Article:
Koltuniewicz et al. recommended separating oil emulsion from water using ultra/microfiltration performed with ceramic or certain hydrophilic polymeric membranes [5]. Ceramic membranes are often preferred over delicate polymeric membrane because the former have better tolerance to high temperature, high oil contents, foulants, and strong cleaning agents [1]. Mueller et al. proved that microfiltration ceramic membranes at 0.2 and 0.8 μm pore sizes are capable of producing a very high quality permeate from a feed concentrations around 250-1000 ppm of crude oil with droplets size range of 1-10 μm. It was reported to produce a very high quality permeate, containing lower than 6 ppm of total hydrocarbons in the permeate sample [2]. Chen et al. also tested the performance of ceramic tangential flow (cross-flow) microfiltration to separate oil, grease, and suspended solids from produced water. Permeate quality of dispersed oil and grease was 5 mg/L and of suspended solids was less than 1 mg/L [6]. Despite these advances, very few applications of this technology in the separation of oil water mixture have been implemented especially for offshore processing. Although many pilot tests have been conducted using membranes for filtering produced water but with limited success due to their propensity to foul irreversibly with oil and dirt [8].

This research sought to conduct a series of experiments for investigating the characteristics of tangential flow microfiltration of oil-in-water emulsions, and factors determining the membrane performance, as well as the study of fouling control measures. The primary objective of this work is to answer a research question whether tangential flow microfiltration is able to reduce the residual content of the produced water effluent to a level lower than maximum threshold as required for a discharge in sea as claimed in several published works [1-7].


The permeation flux across the membrane is calculated from J = V/ (A*t) where J is the liquid flux across the membrane, A the membrane surface area in contact with the liquid, t the run time of the experiment, and V the volume of permeate collected during time t. The rate of permeate flux through membrane filter is dictated by the resistance of the filter to the flow of fluid and any resistance associated with the trapped particulate. The basic Darcy’s Law is defined as:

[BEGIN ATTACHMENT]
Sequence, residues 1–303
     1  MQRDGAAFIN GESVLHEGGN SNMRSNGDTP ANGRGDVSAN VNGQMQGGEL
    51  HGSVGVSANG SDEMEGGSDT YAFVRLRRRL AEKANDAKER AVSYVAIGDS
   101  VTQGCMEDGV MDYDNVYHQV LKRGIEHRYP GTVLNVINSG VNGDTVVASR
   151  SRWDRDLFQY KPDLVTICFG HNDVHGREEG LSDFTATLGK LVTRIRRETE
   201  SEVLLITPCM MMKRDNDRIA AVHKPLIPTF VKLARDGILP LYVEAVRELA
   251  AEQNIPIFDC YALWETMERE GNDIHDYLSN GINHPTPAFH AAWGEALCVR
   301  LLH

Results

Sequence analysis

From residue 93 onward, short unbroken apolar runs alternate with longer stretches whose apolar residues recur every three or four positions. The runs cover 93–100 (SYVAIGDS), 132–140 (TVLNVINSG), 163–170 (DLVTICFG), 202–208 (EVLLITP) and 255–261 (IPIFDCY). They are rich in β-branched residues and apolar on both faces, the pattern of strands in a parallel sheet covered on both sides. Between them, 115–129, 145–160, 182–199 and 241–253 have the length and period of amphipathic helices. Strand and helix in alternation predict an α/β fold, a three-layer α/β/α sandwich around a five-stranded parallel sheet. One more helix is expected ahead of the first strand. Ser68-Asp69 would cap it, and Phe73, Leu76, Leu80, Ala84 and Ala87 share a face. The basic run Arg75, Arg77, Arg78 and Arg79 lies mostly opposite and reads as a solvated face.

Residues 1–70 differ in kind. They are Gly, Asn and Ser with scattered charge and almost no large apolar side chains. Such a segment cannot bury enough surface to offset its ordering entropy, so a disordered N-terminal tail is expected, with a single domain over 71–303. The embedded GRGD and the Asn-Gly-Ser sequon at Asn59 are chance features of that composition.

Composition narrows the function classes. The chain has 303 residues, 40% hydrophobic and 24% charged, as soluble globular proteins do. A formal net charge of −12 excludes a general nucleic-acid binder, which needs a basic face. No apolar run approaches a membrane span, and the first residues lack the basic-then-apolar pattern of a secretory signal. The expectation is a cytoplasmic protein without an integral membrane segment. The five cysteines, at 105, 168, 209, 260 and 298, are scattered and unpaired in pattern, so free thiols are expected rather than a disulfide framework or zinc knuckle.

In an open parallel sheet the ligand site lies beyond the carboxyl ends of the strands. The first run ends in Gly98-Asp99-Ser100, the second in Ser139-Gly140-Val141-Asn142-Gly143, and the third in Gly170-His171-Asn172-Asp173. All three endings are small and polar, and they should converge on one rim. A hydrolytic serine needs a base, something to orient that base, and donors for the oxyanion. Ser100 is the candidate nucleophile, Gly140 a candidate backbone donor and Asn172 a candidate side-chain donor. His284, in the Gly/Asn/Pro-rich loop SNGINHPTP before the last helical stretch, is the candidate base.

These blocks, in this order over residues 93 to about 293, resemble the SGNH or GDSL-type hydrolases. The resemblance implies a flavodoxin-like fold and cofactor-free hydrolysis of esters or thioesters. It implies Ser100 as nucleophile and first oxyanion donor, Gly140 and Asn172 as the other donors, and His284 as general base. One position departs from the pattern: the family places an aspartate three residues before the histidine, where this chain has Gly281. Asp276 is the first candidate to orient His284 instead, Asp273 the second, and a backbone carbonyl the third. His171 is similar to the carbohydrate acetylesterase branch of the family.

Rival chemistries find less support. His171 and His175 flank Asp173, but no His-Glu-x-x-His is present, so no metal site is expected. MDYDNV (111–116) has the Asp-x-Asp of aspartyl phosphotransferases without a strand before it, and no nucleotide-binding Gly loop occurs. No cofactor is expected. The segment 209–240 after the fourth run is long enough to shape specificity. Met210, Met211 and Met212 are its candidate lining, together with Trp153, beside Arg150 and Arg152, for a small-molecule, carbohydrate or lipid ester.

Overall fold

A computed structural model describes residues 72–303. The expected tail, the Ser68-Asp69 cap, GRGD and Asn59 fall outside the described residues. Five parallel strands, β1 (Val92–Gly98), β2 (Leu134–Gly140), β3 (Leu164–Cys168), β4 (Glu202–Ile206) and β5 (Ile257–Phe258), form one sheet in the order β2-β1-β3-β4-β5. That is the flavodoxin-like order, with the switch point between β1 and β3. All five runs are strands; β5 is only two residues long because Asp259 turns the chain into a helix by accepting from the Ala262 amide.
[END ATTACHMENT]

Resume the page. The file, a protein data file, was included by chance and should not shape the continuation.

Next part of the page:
where dp = ΔP as the pressure drop across the filter, μ as the viscosity of the permeate fluid, dx is the thickness of the filter, K as the permeability, and u=J as permeation flux through the filter. Equation (2-1) is rearranged to give a general equation as:


Permeability K refers to the ease with which water can flow through a filter. The resistance to permeation of a membrane is a function of the membrane pore size, feed stream components, and the degree to which gel layer formation and fouling layer formation occur. Increasing the feed stream circulation rate will, as a general rule, reduce gel layer thickness and increase flux.

Darcy’s Law states that the flux is directly proportional to the potential pressure drop and inversely proportional to the resistance, R:


At a constant applied pressure for a given feed with constant composition and flow viscosity, the filtration flux is inversely proportional to the total resistance Rt. The total resistance can be expressed as follows [9]:


The total resistance consists of resistance by the filter media (Rm) which can include the pore blocking resistance (Rp) and resistance by adsorption (Ra); resistance due to internal colloidal fouling (Rc); resistance due to formation of a highly concentrated layer adjacent to the membrane, concentration polarization (Rcp); and resistance caused by the formation of the gel layer (Rg), due to the increasing concentration of particles near the surface of the membrane.

The oil rejection efficiency (RO) of the filter is defined as the ability to retain dispersed oil phase from flowing across the membrane:


where CP and CF are the measured oil concentration of permeate and feed, respectively. For instances, oil rejection efficiency of at least 97% is anticipated for any filter in order to meet a permeation quality of not exceeding 30 ppm of residual oil, assuming a feed stream of 1000 ppm oil concentration.


A two phase test rig was built to conduct experiments on the separation of oil-in-water emulsions using tangential flow microfiltration. The experimental set up is shown schematically in Figure 2.


Figure 2: Schematic sketch of the experimental set-up.

The experimental setup consists of an emulsion feed tank equipped with mixer, clean water tank, centrifugal feed pump, tangential flow microfiltration module, vortex flow meters, pressure gauges, thermo sensors, valves and piping. A ceramic membrane of 0.5 μm pore size was initially back-flushed with clean water. The contaminated oily water was flushed to the emulsion tank to avoid contamination of the clean water tank. After the cleaning, the oil in water feed was pumped into the microfiltration module for the experiments.